Understanding your housekeeping budget is critical before starting a Debt Management Plan. It is a significant part of your total living expenses.
Included in this article:
- What is your housekeeping budget?
- Housekeeping budget guidelines for a DMP
- What if you spend more than the recommended amounts?
- Can you include a budget for children over 18?
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What is your Housekeeping Budget?
Your housekeeping budget is the amount that you spend on food and other household essentials such as toiletries and cleaning products. It is not normally a fixed each month and so can be difficult to quantify.
You may do a big supermarket shop once every two weeks. But then you buy things like milk and bread more often. Alternatively you may do a food shop every day. In additional there are things such as food at work.
When working out your budget you need to add together all these expenses. If you miss anything or the figures are wrong you will be short if you start a Debt Management Plan (DMP).
Your housekeeping budget must be sufficient for your needs but must also fit within acceptable perimeters. If it is too high or too low your creditors might reject your DMP payments.
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Housekeeping Budget guidelines for a Debt Management Plan
Most lenders use a set of living expenditure guidelines. They include an amount which they believe is reasonable for an average family to spend on monthly housekeeping.
The amounts allowed depend on the number of people in your household. They may differ slightly from company to company but are generally accepted as follows:
- Single person: c£220 per month.
- Couple: c£350 per month.
- Budget for each additional child: £90 per month.
In addition to these you are allowed to add some extra food budgets. These include meals at work of £40 per adult and school meals.
Since this article was written these figures may have changed. Up to date information about all of the acceptable living expenses allowances can be found in our living expenses guide.
What if you spend more that the recommended amounts?
The housekeeping budget allowances may seem very low. However you have to remember that they are only relevant because you want to start a Debt Management Plan.
You cannot afford to repay your debts. You therefore want your creditors to accept reduced payments. They will only do that if you are prepared to meet them half way. You must tighten your belt where you can.
However your housekeeping budget must not be lower that the amount you believe you can live on. If it is too low you will spend more anyway. As a result your Plan payments will be unaffordable and it will fail.
If you need to spend more than the guidelines you should include higher amounts in your budget. However you must be able to justify these. Perhaps you or your children have special dietary requirements.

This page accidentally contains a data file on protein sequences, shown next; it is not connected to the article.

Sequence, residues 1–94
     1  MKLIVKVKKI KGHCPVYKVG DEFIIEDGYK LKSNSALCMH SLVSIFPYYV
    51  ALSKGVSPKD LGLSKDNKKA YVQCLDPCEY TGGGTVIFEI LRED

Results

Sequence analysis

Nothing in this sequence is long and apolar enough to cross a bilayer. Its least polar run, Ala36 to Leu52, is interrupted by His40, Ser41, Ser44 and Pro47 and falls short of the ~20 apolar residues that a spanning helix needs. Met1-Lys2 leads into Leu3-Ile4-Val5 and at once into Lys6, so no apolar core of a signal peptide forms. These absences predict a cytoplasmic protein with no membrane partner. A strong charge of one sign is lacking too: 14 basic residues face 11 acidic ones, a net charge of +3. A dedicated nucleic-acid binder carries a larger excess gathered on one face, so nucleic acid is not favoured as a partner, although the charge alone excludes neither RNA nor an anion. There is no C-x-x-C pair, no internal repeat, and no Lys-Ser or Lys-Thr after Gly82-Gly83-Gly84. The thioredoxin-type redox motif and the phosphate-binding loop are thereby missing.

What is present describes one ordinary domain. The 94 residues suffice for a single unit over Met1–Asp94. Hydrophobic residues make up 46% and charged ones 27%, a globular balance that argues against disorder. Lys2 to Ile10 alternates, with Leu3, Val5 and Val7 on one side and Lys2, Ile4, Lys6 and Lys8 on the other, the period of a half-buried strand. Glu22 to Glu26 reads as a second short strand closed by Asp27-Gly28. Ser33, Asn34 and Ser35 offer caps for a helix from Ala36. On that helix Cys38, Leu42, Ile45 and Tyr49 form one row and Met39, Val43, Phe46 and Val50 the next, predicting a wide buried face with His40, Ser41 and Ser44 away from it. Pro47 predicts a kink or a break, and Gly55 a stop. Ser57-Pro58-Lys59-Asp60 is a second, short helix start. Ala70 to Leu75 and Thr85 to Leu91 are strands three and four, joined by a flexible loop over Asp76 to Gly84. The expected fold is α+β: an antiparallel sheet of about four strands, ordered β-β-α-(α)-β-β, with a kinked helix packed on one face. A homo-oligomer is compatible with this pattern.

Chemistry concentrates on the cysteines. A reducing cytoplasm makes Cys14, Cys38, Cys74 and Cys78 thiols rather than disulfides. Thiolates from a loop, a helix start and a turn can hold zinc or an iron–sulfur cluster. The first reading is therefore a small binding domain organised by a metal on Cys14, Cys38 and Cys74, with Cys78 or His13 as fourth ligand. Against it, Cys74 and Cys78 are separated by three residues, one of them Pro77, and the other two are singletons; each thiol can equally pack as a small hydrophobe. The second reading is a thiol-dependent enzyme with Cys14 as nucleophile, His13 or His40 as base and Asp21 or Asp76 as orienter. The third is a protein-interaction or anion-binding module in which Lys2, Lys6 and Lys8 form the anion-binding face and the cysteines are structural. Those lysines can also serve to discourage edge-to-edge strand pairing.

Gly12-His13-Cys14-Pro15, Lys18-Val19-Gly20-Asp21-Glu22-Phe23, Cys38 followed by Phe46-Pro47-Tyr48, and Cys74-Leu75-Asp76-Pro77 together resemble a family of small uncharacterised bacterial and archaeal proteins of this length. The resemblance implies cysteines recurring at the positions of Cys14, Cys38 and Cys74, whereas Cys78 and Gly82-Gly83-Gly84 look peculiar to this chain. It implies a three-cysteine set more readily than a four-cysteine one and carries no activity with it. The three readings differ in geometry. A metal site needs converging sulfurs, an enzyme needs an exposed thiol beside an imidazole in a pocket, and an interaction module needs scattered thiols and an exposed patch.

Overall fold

Can you include a budget for Children over 18?
You may have children living with you who are over 18. If they are still classed as dependent they can be included in your housekeeping budget. This is the case if they are in higher education or need special care.
If they are over 18 and not dependent you can only include them if they are contributing to your income. If they are working and paying you rent or board there is no problem with this.
However if they are not working including them in your budget could be an issue. Your creditors will feel the children are a drain on your income. They will be seen as part of the reason you cannot pay your debts. In these circumstances your Plan is less likely to be accepted.
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2 thoughts on “Reasonable Housekeeping Budget for Debt Management – 2023 Guide”
I’m off work due to severe arthritis in 3 joints,both knees and right hip,plus a back problem so mobility is a problem.
I spent a lot on public transport,plus mini cabs to go to appointments,doing laundry,going to friends,shopping as I can’t walk any real distance which has been recorded in medical assessments and my GP. Is there a ceiling figure on transport costs?
Also I have to buy a lot of fresh ready meals or takeaway delivered as im unable to cook when having flare ups which costs considerably more. There are things I need like a new mattress,for medical reasons,my back.
What I’m asking Is is there more leverage in budgets to allow for people who have medical problems as I do?
I have been off work nearly 20 months now due to the going problems I am almost like a prisoner at home,having the extra funds will allow me to get out more.
If you have legitimate reasons why your costs in specific areas exceed the recommended amounts then yes you should include the figures you need. In your case where you have specific transport and housekeeping costs due to your medical condition it is acceptable to include these as they can be justified. I have little doubt they would be acceptable to your creditors.
From what you have said I am not sure if you are currently in a debt management plan or thinking about starting one? Given you are not working and have a limited income I am wondering if a DMP is the right solution for you. Are you a home owner? If not I would suggest that perhaps considering the option of bankruptcy or DRO might be better for you.